TERMINAL ANACHRONISM #8
This series focuses on the various vestigial artifacts of our technological society that remain in occasional use but are very much out of time (see also: voting with paper, higher education, goddamn wheelchairs, etc.).
TODAY’S CANDIDATE: Public Pay Phones in the Developed World
VERDICT: Critically Endangered; Approaching Extinction in the Wild
Even in Japan
Smartphones were very late to the game in Japan, but the mobile industry as a whole, led by Nippon Telegraph & Telephone, was up and running well ahead of the rest of the developed world. As such, the crusty public phones here are all the crustier, and even in a country where clean and beautiful can be the same word, decrepit & neglected pay phones are covered in six kinds of funk (see gallery below for funk close-ups).
Telecommunication Leapfrog Harbinger Thingy
These devices, along with what must be a net negative economic and infrastructural presence, are metaphor in progress; they are examples our often crawling reaction to rapid technological change that’s only getting more rapidder. Think about it: 10 years ago in the U.S. they were essential. Now, it’s a steady disappearance, and here in Japan where they remain ubiquitous but are effectively scenery, no one even cares enough to vandalize them. Where they remain, the public pay phone is basically a live-action one of these:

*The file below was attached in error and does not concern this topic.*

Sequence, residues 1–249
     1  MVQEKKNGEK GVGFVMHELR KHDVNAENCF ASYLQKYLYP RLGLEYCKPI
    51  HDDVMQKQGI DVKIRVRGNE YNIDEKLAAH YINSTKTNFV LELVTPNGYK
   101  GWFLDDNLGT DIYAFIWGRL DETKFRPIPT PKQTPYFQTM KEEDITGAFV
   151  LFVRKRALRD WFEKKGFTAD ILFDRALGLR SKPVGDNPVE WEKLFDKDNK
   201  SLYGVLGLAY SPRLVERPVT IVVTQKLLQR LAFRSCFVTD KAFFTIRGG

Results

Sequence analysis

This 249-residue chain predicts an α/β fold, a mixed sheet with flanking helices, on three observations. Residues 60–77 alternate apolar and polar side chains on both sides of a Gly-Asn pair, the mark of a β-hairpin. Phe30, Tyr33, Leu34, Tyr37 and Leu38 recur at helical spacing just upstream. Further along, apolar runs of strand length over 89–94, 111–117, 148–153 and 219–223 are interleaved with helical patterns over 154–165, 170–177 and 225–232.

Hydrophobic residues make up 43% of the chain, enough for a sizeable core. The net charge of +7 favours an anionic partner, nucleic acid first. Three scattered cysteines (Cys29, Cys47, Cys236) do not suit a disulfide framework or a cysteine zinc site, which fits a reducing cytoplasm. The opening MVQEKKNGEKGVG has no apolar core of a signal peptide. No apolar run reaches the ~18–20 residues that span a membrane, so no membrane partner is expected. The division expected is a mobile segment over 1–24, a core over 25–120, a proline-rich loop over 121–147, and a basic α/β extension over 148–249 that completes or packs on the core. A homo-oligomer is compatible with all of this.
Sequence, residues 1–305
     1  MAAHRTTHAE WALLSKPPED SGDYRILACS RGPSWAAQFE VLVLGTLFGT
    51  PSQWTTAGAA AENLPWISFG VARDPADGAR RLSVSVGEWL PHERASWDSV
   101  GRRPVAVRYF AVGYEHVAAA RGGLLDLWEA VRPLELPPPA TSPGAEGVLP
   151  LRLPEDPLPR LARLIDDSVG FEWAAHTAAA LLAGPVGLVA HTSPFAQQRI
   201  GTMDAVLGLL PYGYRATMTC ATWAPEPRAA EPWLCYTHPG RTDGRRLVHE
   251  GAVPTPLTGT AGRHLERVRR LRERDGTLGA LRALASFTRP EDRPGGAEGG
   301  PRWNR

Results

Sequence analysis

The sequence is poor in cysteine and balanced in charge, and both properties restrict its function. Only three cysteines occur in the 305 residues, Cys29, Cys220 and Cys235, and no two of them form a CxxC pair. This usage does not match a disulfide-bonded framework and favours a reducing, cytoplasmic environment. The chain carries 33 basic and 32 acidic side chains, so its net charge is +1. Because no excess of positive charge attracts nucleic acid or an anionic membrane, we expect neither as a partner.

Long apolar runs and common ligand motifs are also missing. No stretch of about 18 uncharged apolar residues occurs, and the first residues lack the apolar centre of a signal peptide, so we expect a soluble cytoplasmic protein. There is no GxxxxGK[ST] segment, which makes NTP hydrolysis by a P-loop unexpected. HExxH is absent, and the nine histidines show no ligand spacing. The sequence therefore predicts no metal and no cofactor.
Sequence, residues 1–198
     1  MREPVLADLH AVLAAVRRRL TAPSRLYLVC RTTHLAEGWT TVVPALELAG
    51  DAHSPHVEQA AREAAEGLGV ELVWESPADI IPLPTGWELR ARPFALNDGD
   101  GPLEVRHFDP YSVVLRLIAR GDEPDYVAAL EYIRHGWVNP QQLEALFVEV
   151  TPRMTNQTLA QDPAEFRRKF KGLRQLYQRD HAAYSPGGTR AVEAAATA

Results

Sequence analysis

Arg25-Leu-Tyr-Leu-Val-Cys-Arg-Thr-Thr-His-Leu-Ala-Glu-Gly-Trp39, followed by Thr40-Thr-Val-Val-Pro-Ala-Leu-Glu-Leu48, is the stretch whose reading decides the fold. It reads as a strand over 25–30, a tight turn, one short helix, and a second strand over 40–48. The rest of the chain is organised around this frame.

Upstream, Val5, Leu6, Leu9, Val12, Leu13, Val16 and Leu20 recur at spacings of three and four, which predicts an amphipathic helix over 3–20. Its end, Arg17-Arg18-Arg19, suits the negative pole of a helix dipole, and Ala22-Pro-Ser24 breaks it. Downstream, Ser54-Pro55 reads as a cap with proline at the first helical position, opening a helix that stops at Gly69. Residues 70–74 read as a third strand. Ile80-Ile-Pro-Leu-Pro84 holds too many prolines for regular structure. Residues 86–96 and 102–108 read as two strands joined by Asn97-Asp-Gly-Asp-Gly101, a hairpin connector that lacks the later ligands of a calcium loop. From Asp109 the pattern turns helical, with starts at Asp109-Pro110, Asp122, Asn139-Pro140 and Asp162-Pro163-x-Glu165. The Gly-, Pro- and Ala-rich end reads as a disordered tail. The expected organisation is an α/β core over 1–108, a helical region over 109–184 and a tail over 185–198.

And okay, the thing is this: any dorky website going on about public pay phones is really commenting on their obviation by the amazingly powerful socio-technological force that is the mobile phone. Public phones shout from their corners “Hey, hey You – the world is changing really fast, man. Look at my useless ass, and recognize!”
So we do.
Really, who could possibly scorn the mobile phone? Well, head on back to March and have a read about what a genius oops I mean dipshit Andrew Keen (mobile hater) is:
“Your Mobile Phone Will Murder Your Face and Andrew Keen is a Genius!“
Old people, don’t be frightened by the new!
Your past is below – and it’s icky oily plastic!
Gallery: Case Study of Irrelevance & Neglect
The Funk-Caked NTT Public Phone of the New Osaka Train Station
Click images for full size: